Conclusion: In our study significant numbers of multidrug resistant bacteria were isolated from body fluids which calls for regular monitoring of prevalent pathogenic organisms and their sensitivities to avoid indiscriminate use of unnecessary antibiotics and the development of antibiotic resistance.

Open Access Original Research Article

Antibiogram Analysis and Characterization of Bacterial Pathogens from Leucorrhea Patients

Nazish Mazhar Ali, Muhammad Shahzad, Muqadas Bano, Iram Liaqat, Bushra Mazhar, Samina Zain, Atif Yaqub

Microbiology Research Journal International, Page 1-13
DOI: 10.9734/mrji/2019/v28i130124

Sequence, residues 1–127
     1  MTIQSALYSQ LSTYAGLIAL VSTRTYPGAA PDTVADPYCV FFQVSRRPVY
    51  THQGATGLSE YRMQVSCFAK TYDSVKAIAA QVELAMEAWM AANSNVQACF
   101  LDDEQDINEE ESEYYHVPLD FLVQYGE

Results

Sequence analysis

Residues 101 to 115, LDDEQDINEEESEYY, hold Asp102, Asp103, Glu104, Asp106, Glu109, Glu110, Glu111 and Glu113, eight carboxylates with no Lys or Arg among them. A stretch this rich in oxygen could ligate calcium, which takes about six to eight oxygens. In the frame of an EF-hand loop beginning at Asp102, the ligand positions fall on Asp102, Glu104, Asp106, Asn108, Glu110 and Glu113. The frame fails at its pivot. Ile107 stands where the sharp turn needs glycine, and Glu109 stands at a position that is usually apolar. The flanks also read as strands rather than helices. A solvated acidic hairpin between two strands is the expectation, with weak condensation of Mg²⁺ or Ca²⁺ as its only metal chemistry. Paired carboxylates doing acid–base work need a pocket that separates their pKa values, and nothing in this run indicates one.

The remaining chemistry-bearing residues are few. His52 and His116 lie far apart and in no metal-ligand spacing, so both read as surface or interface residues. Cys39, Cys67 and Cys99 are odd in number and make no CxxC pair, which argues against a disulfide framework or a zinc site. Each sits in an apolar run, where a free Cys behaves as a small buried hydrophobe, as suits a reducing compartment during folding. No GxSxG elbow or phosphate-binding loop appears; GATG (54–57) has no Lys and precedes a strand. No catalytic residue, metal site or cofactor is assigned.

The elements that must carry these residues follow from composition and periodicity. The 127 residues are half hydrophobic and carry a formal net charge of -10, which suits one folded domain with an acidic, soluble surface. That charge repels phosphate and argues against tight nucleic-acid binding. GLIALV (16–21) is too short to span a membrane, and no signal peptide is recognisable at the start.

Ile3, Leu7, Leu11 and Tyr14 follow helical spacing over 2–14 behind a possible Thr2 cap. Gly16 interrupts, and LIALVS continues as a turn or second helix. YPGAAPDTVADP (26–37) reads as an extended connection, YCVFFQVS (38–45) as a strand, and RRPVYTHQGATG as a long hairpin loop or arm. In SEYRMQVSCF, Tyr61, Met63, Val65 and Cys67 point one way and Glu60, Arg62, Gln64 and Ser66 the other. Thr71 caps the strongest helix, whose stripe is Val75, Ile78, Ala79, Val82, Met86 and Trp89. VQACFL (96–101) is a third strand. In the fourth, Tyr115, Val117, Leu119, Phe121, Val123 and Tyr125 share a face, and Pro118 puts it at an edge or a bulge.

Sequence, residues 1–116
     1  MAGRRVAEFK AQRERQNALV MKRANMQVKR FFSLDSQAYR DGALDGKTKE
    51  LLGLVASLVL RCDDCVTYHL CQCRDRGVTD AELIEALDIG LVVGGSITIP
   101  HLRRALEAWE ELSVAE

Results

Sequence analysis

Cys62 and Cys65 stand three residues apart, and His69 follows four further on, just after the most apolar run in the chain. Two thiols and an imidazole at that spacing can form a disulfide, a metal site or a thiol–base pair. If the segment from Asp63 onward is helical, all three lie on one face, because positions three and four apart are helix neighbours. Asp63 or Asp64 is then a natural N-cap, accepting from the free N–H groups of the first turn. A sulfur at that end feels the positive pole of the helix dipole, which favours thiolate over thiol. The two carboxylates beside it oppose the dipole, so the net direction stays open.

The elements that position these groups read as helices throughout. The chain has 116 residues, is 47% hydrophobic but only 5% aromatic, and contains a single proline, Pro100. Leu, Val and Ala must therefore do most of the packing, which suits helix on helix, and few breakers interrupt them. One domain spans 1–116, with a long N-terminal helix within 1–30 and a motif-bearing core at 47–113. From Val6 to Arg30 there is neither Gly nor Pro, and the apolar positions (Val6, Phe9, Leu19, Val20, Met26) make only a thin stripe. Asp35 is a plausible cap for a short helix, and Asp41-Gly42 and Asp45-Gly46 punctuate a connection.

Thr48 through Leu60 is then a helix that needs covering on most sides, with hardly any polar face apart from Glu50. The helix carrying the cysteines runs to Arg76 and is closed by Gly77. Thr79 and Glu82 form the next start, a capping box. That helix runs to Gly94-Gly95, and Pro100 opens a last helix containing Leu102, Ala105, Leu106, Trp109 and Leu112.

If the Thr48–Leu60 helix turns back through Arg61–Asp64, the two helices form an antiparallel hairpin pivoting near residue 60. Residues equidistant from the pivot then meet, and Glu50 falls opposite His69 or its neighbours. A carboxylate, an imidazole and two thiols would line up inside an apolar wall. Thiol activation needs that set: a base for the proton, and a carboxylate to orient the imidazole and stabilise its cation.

In recent research work bacteria were isolated from samples of leucorrhea patients admitted in Lady Wellington hospital Lahore (gynae ward) and Basheer welfare hospital Shahdara Lahore. The sampling was done from pregnant and non-pregnant leucorrhea patients aged 18 to 30 years by using sterile culture sticks from vagina. The samples were spread on agar plates and incubated for overnight, bacterial strains were isolated by streak plate method. The strains were named L1, L2, L3 and L4. Identification was carried out by various morphological and biochemical tests. Molecular characterization was also done to characterize bacteria up to species level. L1 strain was identified as Streptococcus pyogens, L2 as Staphylococcus aureus, L3 as Neisseria gonorrheae and L4 as Escherchia coli. Antibiotic resistance was analyzed by disc plate method.  L1, L2 and L3 strains showed maximum sensitivity with Cefepime antibiotics having values 17.74 µg/ml, 13.63 µg/ml and 12 µg/ml respectively. L4 showed max sensitivity with Azithromycin and Cloxacillin antibiotics i.e., 6.25 µg/ml and 6.4 µg/ml respectively. Optimum pH was 6.5 for L1 and L2, while 7 for L3 and L4. Optimum temperature was 37 for all strains.